Solar Eclipse DIY Box & Pinhole Projector: Make at Home
Search Heavy

Solar Eclipse DIY Box & Pinhole Projector: Make at Home

solar eclipse, total solar eclipse Getty

A total solar eclipse is pictured from the city of Ternate, in Indonesia's Maluku Islands, on March 9, 2016.

It’s become almost impossible to find solar eclipse glasses at a reputable retailer. There hasn’t been a solar eclipse in the contiguous United States since 1979, so there’s a lot of interest in it.

Is it possible, though, to make a solar eclipse viewer at home? Luckily, there a lot of instructions available for solar eclipse DIY projects. One of the most interesting projects is a solar eclipse box and pinhole projector (you can make a pinhole projector even if you don’t have a box).

According to Boy’s Life, “This type of viewer is also known as a pinhole projection because the image of the eclipse is projected through the pinhole onto the viewing surface. You will be looking at a projection of the eclipse instead of looking directly at the sun.”

You do not look directly at the sun/solar eclipse using a solar eclipse box or viewer. And you absolutely should not. NASA says you can seriously damage your eyes if you look directly at a solar eclipse. However, this DIY project provides a creative and fun method for you to view the solar eclipse without looking directly at it. It’s fun for kids too. Below you will find detailed instructions as well as several videos that walk you through the process.

Here’s how you do it:


Needed Supplies

Fox17 says you’ll need only seven items to make your pinhole project/solar eclipse box: “cardboard box, sheet of white paper, aluminum foil, tape, scissors, pen or pencil, pin or thumbtack.”

You can use a cereal box, according to NASA. There’s an instructional video you can watch below for that method. The NASA approach calls for these items: “An empty cereal box, scissors, tin foil, tape, a piece of white paper, a nail (or something sharp to make a pinhole.)”

You get the point. You can find many instructional handouts online but they pretty much all call for the same thing. The variations come mostly in what you use for the box (a shoebox would work too or any cardboard box really), and what you use to make the pinhole (nail, pin, thumbtack, etc.) Obviously, children shouldn’t use sharp objects without supervision.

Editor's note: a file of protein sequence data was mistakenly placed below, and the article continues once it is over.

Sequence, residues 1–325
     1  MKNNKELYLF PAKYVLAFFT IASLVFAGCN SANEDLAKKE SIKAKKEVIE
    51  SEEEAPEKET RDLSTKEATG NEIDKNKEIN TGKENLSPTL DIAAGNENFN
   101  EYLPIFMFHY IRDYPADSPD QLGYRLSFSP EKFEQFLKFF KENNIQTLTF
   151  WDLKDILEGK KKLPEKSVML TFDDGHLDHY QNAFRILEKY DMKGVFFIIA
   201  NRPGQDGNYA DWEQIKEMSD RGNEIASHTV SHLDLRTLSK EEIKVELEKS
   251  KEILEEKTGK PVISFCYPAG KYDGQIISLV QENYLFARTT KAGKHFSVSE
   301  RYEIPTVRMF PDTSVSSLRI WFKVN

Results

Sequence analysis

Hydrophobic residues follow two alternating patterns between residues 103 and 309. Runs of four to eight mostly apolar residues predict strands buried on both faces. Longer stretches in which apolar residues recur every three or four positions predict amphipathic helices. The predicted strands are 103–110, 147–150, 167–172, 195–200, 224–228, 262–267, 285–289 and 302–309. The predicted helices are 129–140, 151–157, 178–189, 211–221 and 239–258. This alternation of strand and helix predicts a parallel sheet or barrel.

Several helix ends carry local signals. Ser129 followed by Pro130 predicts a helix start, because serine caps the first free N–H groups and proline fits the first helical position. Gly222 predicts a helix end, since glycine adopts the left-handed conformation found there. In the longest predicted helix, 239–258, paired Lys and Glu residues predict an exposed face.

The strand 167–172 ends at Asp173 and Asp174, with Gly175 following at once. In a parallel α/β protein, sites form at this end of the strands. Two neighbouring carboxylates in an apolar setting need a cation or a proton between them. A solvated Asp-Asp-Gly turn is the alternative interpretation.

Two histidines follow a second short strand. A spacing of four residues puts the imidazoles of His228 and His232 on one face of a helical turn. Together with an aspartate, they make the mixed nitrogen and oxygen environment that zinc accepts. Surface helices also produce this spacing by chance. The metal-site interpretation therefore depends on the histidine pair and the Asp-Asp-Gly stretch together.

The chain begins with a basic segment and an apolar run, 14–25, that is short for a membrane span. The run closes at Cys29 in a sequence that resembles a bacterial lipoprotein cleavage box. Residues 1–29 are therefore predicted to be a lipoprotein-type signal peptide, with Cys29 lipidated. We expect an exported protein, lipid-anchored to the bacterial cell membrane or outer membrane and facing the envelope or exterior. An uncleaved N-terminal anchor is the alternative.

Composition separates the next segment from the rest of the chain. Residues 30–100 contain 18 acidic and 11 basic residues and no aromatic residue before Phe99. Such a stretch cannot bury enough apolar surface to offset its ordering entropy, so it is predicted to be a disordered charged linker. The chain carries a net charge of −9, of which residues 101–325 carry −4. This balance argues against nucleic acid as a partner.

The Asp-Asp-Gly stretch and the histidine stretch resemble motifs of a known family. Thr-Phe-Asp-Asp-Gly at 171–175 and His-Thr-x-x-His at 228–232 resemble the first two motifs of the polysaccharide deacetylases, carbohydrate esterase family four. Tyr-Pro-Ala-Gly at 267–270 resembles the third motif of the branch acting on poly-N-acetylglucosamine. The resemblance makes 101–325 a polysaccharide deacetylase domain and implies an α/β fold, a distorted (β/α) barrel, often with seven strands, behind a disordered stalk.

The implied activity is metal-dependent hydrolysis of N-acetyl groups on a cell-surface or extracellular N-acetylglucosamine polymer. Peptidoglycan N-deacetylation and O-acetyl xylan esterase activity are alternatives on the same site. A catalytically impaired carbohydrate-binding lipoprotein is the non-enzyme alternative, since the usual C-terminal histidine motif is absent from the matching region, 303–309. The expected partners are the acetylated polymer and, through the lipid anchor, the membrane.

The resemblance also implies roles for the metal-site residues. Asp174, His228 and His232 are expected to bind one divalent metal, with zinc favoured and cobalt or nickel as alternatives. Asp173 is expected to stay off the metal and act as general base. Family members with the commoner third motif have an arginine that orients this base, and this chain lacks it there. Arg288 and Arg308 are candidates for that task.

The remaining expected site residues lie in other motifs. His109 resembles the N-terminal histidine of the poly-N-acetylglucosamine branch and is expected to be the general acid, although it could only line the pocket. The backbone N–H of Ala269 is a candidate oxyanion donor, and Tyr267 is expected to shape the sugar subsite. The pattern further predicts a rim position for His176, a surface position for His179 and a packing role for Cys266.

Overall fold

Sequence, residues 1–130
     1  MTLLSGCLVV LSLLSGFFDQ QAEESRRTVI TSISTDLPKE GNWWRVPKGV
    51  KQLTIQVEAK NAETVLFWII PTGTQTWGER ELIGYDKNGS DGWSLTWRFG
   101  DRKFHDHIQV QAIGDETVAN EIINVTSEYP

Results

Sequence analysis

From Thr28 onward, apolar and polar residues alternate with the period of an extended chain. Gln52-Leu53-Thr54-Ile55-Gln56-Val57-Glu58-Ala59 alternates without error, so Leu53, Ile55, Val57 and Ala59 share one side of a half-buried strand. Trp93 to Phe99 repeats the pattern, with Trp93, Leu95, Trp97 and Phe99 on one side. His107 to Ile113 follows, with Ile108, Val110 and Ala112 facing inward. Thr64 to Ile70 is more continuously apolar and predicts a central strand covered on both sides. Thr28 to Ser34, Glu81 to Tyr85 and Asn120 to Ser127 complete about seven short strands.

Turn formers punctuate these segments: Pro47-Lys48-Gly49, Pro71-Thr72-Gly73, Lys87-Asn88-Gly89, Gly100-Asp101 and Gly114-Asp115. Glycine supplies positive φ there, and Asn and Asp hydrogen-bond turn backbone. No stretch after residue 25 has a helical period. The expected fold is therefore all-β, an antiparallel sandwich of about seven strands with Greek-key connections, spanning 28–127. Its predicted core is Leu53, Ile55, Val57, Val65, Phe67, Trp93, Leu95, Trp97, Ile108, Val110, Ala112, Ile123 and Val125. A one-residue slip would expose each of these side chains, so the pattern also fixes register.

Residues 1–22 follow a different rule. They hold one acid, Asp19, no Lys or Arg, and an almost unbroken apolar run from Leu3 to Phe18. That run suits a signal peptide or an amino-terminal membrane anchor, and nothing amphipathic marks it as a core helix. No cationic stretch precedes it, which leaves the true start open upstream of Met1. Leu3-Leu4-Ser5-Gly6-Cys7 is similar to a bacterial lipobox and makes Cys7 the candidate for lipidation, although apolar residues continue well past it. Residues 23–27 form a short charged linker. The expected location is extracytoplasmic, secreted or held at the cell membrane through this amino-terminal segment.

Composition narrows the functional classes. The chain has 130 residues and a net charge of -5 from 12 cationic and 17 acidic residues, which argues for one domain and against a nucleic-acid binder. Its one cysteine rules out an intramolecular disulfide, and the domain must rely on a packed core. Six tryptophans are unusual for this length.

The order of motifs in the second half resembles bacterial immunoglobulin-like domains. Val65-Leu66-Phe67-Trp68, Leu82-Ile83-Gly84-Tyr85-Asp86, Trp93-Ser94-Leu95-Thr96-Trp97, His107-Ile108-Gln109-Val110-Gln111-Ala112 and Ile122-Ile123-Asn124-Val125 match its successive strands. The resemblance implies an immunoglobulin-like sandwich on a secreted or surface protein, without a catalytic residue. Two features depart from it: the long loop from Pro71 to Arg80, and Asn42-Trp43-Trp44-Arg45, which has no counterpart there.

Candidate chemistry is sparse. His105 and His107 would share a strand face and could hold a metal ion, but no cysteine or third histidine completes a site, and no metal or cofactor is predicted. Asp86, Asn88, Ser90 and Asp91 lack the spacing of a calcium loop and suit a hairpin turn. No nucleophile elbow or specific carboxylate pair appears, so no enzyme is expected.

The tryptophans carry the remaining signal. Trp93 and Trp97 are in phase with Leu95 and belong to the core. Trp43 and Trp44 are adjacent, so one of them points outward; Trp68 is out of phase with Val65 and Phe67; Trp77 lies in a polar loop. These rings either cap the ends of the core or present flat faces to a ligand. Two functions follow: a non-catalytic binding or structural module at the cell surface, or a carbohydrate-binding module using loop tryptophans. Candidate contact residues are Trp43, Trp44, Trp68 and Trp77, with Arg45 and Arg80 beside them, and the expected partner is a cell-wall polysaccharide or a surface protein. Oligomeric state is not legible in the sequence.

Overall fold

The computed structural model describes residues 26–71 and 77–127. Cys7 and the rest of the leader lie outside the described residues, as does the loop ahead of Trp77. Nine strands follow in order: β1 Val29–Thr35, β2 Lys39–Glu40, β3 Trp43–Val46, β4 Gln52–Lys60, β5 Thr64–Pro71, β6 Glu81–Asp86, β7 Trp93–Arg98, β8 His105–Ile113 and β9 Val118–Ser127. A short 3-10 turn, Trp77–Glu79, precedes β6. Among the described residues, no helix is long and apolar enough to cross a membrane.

If you don’t have all of those supplies, you can build an even simpler pinhole projector. According to the American Astronomical Society, “a convenient method for safe viewing of the partially eclipsed Sun is pinhole projection. You simply pass sunlight through a small opening (for example, a hole punched in an index card) and project an image of the Sun onto a nearby surface (for example, another card, a wall, or the ground).”

National Geographic also has detailed instructions for a simpler pinhole projector: “Make a simpler version of the solar eclipse viewer with two thin but stiff pieces of white cardboard. Punch a small, clean pinhole in one piece of cardboard and let the sunlight fall through that hole onto the second piece of cardboard, which serves as a screen, held below it. An inverted image of the sun is formed. To make the image larger, move the screen farther from the pinhole. To make the image brighter, move the screen closer to the pinhole.”

Boy’s Life provides a similar list of supplies but swaps out a pocketknife for the scissors: “Small box with a lid (A shoebox is perfect.) Small square of aluminum foil. Small square of white paper. Utility knife or hobby knife. Tape. Pin.”


Steps to Make the Solar Eclipse Box/Pinhole Projector

The Fox17 method provides a list of five easy steps: Trace the box bottom on your sheet of paper. Cut out the rectangle traced. “Tape it to the inside on one end of the bottom of the cardboard box. This now becomes your projection screen.” Next, close the box, “cut two holes on either end of the opposite side of the box. Tape closed the remaining portion of the box top. Cut a piece of aluminum foil to cover one of the holes and tape it in place. Poke a small hole in the middle of the piece of foil.” That’s it!

The NASA approach in the above video calls for these steps: Empty the cereal out of the box. Put the box on the white paper, and trace the bottom of it. Cut out the shape you’ve traced. Tape the shape to the inside of the box “on the bottom.” Now, “Close the top of the box. Cut out two square holes on the left and right sides. Place the tin foil over one of the holes. Tape it down. Put a pinhole in it.” That’s according to Quartz.

Boy’s Life provides step-by-step instructions with photos if that helps.


How to Use It

Go outside and face away from the sun “so that the light will shine into the pinhole. Look into the open hole of the box that you did not cover with aluminum foil and you will see the sun projected on the white piece of paper inside the box,” according to Fox17.

Quartz also suggests, “You’ll hold the box up, like a flute, so that the so that the eclipse can reflect onto the tin foil.”

You can learn a more elaborate method here:

Learn how to make DIY solar eclipse glasses here:

3 Comments

Leave a Reply

Fill in your details below or click an icon to log in:

WordPress.com Logo

You are commenting using your WordPress.com account. Log Out / Change )

Twitter picture

You are commenting using your Twitter account. Log Out / Change )

Facebook photo

You are commenting using your Facebook account. Log Out / Change )

Google+ photo

You are commenting using your Google+ account. Log Out / Change )

Connecting to %s

3 Comments

Discuss on Facebook